The error of omission|My homework helper

Posted: January 23rd, 2023

Watch the following video: Links to an external site.

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In class, we have discussed the “error of omission”; namely, the fact that 2/3 of households end up at age 65, typical retirement age, with little or no money or assets.

In the video, Prof. Santos seeks to understand why people are so bad at saving. Her premise is that this is a genetic, inherited trait – she argues that the similar behavior seen among a monkey economy is proof of this – specifically, monkeys don’t save and they make irrational decisions about risk versus return. However, Santos says that we differ from monkeys in one very important respect – human beings can learn to do better in making financial decisions (whereas monkeys and other animals cannot).

Question: (a) Do you believe Santos’ argument that the observed behavior in her monkey economy is evidence that the bad financial behavior of human beings is inherently genetic? (b) Do you think that the Santos experimental monkey economy provides some explanation of why 2/3 of households end up poor at age 65? (150-250 words)

comment in these two posts, each comment could be 50-100 words.


a) I do believe that the observed behavior in Santos’ monkey economy is true evidence that the bad financial behavior of human beings is inherently genetic. My reasoning for this is that Santos used unbiased subjects, the monkeys, and introduced them into the monkey market where they are put in similar positions that us humans tend to struggle with. In the video, the monkeys committed the same errors as humans when it comes to risk taking and loss aversion in the financial example provided. It may not be a complete guarantee that these two results mean that our financial behavioral flaws are inherently genetic, but the observations that Santos provides are not bad either.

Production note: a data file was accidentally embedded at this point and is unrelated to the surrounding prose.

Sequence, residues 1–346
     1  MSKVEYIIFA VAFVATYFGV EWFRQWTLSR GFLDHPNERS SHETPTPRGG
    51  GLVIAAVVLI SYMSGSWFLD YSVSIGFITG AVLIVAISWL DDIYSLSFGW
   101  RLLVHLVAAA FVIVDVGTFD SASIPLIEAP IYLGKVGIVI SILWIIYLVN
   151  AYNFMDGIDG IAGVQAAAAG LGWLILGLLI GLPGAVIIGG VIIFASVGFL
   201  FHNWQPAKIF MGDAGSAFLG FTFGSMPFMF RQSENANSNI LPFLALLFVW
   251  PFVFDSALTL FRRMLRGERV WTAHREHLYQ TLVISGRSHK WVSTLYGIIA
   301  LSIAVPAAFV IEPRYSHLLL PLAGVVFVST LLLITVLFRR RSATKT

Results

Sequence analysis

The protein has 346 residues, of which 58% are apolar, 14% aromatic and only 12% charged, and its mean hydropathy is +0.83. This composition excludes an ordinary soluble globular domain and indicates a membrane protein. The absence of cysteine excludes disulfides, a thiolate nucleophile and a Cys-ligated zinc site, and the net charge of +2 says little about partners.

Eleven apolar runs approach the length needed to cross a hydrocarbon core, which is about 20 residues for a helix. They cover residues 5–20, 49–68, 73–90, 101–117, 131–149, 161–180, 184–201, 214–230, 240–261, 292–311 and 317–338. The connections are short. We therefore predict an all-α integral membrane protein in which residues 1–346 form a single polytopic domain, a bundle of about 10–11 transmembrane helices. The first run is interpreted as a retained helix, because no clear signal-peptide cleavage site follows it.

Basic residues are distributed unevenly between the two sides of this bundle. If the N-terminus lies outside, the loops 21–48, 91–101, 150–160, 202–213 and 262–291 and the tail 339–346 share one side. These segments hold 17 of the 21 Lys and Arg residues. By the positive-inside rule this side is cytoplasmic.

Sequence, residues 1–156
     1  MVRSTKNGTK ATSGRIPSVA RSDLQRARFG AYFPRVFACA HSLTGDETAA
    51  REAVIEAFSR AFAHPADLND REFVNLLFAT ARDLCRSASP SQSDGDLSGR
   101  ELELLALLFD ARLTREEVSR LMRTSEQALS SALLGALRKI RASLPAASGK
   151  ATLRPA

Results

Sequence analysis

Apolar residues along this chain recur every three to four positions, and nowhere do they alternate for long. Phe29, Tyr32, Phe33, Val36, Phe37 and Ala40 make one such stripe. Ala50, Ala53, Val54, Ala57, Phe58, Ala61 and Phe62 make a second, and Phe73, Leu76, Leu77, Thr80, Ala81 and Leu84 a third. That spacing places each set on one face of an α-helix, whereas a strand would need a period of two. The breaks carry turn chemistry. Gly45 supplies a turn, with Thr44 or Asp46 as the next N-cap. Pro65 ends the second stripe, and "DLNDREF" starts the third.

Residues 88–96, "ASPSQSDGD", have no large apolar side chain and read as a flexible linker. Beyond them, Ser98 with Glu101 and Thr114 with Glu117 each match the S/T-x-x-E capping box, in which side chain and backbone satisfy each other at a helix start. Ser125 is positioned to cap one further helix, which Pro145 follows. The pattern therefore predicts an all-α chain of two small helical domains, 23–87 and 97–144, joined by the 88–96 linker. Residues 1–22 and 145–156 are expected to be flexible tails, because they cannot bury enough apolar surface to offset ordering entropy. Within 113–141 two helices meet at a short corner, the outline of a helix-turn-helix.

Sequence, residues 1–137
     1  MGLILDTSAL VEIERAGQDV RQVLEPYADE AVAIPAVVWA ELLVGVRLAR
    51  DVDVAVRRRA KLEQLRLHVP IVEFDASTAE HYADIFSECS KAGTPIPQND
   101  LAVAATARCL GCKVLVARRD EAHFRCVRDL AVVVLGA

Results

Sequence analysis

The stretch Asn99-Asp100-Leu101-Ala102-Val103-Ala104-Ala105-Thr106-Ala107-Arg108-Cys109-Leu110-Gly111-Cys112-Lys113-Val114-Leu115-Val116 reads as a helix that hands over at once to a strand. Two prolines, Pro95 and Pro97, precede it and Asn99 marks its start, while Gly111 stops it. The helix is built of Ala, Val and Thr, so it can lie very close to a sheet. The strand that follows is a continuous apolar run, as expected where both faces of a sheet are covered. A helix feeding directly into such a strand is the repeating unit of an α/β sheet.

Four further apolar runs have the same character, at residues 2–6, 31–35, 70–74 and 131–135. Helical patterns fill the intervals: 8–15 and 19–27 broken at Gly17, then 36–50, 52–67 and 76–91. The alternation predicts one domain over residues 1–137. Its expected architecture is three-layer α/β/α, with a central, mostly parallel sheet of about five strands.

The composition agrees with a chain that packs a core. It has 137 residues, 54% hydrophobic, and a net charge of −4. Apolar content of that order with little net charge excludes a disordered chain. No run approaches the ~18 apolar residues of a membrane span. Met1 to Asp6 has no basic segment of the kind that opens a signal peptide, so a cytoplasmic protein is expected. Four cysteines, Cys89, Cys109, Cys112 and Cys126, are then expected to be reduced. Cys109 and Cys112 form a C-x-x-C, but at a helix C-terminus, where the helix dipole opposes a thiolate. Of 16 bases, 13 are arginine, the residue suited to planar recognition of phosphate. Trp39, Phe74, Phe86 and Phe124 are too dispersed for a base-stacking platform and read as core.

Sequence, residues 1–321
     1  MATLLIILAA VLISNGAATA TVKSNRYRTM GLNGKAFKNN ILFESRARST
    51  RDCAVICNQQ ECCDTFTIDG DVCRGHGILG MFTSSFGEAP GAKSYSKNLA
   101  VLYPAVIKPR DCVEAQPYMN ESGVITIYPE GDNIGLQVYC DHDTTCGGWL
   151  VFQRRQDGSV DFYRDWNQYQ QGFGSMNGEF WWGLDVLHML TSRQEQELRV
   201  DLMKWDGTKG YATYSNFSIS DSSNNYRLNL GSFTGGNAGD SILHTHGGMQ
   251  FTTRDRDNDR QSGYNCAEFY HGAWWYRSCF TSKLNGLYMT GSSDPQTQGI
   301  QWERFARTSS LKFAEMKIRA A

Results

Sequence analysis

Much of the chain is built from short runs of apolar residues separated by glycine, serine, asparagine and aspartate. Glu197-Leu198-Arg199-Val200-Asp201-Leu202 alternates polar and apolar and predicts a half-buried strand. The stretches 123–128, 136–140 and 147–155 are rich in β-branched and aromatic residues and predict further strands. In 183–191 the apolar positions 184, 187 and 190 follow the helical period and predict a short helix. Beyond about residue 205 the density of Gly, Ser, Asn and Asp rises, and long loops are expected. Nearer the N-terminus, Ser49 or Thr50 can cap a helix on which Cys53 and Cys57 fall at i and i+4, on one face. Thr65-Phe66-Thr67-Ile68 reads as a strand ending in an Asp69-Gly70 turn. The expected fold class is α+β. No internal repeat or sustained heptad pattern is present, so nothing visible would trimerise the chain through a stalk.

b) I do believe that the Santos experimental monkey economy provides some explanation of why 2/3 of households end up poor at age 65. Santos only provides an experiment on these monkeys for one financial situation, but one situation does bring some explanation. If the monkeys were to be put in more situations where humans make financial mistakes, it might be possible that they make these mistakes again as well. It might not provide enough information to fully explain why 2/3 of households end up poor at age 65, but it does provide enough to where I believe that we should keep experimenting and finding out if there is more evidence supporting this.


a) After watching Prof. Santos Ted Talk, i have to disagree that her monkey economy is evidence that financial behavior is inherently genetic. Although she was able to get the monkeys to replica some form of human behavior it is not substantial to conclude that financial behavior is genetic. I do believe that both your emotions and your environment in your primitive years affects your financial behavior. From an environment perspective it is similar to the example where two children in a household with an alcoholic father can both grow up to be completely different. One mimicking the fathers behavior and the other never touching a drop of alcohol. From this example both emotions and environment play a factor, in which i believe is the same financially. i believe that financial behavior can be learned and implemented, however if never seeking this knowledge and solely relying on circumstance such as environment this then determines your financial perspective and how you manage your money.

b) Santos experiment misses several factors that humans face when making money and the decisions to spend money. These monkeys do not have jobs, face taxes, have homes that they have to pay for. Nor do they have monthly reoccurring bills or even the unexpected financial expenses that life just throws on you regardless of your current financial standing. someone could be financially responsible and still end up poor at the age of 65 for several reasons. These monkeys relied on survival instincts and that is what both animals and humans have in common. I expected nothing less as this comparison and experiment only reassured that in new environments we all know how to adapt to get good outcomes.



Error of omission refers to a mistake made by leaving out or neglecting to do something that should have been done. This can refer to a variety of situations, such as a medical professional failing to diagnose a patient’s condition, a journalist leaving out important information in a news story, or a programmer neglecting to include a necessary line of code in a program. It can also refer to a failure to take action when action is required or failure to include something in an analysis or report.

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